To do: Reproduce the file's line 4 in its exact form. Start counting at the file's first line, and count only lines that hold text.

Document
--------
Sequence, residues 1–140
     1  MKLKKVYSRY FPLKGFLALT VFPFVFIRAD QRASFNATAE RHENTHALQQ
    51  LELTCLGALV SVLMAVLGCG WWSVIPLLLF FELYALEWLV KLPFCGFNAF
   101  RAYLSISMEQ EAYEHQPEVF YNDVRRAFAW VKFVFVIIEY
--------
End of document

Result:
   101  RAYLSISMEQ EAYEHQPEVF YNDVRRAFAW VKFVFVIIEY